12VAC5-90-130. Prenatal testing.
Every physician, physician assistant, or nurse practitioner attending a pregnant patient during gestation shall examine and test such patient for syphilis, hepatitis B surface antigen (HBsAg), and any other sexually transmitted disease as clinically indicated within 15 days after beginning such attendance. A second prenatal test for syphilis and HBsAg shall be conducted at the beginning of the third trimester (28 weeks) for patients who are at higher risk for these diseases. Persons at higher risk for syphilis include those who have had multiple sexual partners within the previous year, those with any prior history of a sexually transmitted disease, and those living in communities and populations in which the prevalence of syphilis is high. Persons at higher risk for hepatitis B virus infection include injecting drug users and those with personal contact with a hepatitis B patient, multiple sexual partners, and/or occupational exposure to blood. If the patient first seeks care during the third trimester, only one test shall be required. As a routine component of prenatal care, every licensed practitioner who renders prenatal care, including any holder of a multistate licensure privilege to practice nursing, regardless of the site of such practice, shall inform every pregnant patient that human immunodeficiency virus (HIV) screening is recommended for all pregnant patients and that she will receive an HIV test as part of the routine panel of prenatal tests unless she declines (opt-out screening). The practitioner shall offer the pregnant patient oral or written information that includes an explanation of HIV infection, a description of interventions that can reduce HIV transmission from mother to infant, and the meaning of positive and negative test results. The confidentiality provisions of 32.1-36.1 of the Code of Virginia and the test result disclosure conditions and appropriate counseling requirements of 32.1-37.2 of the Code of Virginia shall apply to any HIV testing conducted pursuant to this section. The Centers for Disease Control and Prevention (CDC) recommends a second HIV test for patients who receive health care in jurisdictions with elevated incidence of HIV or AIDS among women aged 15 through 45 years, which includes Virginia. Practitioners should offer a second HIV test during the third trimester to all pregnant patients. Practitioners shall counsel all pregnant patients with HIV-positive test results about the dangers to the fetus and the advisability of receiving treatment in accordance with the then current CDC recommendations for HIV-positive pregnant patients. Any pregnant patient shall have the right to refuse testing for HIV infection and any recommended treatment. Documentation of such refusal shall be maintained in the patient's medical record.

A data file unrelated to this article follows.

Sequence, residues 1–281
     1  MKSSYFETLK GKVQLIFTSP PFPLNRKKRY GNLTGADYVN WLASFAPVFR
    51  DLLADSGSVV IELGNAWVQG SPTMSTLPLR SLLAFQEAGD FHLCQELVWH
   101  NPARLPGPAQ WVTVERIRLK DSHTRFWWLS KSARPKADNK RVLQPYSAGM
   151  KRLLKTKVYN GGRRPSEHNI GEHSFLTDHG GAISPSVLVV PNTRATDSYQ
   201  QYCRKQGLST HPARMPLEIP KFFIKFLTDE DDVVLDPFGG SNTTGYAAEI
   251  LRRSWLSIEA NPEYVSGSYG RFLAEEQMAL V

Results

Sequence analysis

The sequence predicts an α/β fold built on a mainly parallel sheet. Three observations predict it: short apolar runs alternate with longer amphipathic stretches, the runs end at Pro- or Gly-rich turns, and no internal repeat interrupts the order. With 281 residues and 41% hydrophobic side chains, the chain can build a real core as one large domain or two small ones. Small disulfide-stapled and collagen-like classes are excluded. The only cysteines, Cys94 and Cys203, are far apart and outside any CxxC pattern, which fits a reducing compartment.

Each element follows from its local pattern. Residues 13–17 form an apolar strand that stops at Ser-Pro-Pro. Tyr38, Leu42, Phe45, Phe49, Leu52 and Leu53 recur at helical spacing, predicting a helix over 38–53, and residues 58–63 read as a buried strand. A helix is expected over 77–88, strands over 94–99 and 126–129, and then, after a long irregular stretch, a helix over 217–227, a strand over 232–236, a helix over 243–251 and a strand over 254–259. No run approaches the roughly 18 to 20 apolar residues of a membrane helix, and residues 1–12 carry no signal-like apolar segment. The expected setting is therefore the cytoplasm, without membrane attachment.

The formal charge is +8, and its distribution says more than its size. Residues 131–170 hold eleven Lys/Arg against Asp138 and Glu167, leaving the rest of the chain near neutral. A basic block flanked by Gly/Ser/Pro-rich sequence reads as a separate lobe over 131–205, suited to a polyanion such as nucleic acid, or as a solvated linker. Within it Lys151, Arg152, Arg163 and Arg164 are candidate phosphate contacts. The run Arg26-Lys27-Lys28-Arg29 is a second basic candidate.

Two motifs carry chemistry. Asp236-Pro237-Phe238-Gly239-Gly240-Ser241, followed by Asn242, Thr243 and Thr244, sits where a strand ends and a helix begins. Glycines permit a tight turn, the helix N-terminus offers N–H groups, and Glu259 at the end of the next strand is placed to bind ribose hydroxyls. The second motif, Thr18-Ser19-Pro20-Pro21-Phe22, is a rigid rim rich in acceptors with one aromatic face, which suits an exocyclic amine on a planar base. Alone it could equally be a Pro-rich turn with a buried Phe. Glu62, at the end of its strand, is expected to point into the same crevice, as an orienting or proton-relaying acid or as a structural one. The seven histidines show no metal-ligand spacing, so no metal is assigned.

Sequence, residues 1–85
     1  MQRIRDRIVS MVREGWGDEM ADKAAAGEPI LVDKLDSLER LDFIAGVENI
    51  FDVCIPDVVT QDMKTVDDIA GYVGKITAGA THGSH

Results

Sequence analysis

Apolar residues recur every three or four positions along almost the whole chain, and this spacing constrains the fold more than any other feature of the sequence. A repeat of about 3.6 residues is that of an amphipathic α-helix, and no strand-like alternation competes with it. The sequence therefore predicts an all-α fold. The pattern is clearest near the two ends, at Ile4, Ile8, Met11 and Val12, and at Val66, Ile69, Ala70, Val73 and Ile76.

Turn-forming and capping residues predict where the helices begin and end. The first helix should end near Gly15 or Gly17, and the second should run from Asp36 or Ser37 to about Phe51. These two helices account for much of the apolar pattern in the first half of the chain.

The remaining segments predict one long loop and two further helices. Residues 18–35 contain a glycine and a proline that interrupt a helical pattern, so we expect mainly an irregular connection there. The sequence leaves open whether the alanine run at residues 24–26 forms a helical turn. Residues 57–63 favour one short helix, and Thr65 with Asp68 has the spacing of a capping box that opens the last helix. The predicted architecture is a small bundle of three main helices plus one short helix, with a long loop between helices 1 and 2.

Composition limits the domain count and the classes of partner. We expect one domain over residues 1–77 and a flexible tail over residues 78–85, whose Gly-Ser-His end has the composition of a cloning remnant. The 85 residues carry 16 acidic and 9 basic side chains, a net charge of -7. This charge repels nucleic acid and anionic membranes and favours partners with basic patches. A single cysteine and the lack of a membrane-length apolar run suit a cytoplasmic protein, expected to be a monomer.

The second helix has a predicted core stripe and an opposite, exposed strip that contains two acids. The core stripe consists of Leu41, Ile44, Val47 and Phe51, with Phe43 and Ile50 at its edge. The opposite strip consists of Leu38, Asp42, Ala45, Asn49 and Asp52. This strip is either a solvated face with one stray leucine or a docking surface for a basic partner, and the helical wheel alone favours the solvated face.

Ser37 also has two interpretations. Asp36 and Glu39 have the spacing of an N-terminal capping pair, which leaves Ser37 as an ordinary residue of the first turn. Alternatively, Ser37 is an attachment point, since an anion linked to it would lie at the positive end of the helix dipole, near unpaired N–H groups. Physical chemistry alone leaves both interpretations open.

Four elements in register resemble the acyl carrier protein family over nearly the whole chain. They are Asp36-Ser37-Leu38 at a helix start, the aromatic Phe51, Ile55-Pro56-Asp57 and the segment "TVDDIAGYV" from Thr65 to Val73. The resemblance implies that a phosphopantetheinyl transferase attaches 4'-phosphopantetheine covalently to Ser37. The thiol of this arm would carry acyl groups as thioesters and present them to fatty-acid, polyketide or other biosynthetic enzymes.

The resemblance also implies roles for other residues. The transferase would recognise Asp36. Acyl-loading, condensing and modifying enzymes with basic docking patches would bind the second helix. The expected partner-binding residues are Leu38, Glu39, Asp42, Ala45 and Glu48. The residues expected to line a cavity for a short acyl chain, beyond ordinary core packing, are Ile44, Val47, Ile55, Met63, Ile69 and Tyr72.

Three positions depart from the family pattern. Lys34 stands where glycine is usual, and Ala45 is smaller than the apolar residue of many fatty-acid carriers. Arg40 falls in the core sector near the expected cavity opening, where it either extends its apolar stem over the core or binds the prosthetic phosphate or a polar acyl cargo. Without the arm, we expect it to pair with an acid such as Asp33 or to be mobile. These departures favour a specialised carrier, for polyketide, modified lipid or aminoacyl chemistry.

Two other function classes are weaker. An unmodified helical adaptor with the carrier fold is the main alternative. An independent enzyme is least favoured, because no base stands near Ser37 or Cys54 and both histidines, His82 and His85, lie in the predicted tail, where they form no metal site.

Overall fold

Statutory Authority
32.1-35 of the Code of Virginia.
Historical Notes
Derived from VR355-28-100 6.1, eff. July 1, 1993; amended, Virginia Register Volume 15, Issue 6, eff. January 6, 1999; Volume 23, Issue 15, eff. May 2, 2007; Volume 27, Issue 13, eff. March 28, 2011.
Sorry this will be long but I found this on the Virginia Department of Health:


prev | next Part VI
Venereal Disease
12VAC5-90-130. Prenatal testing.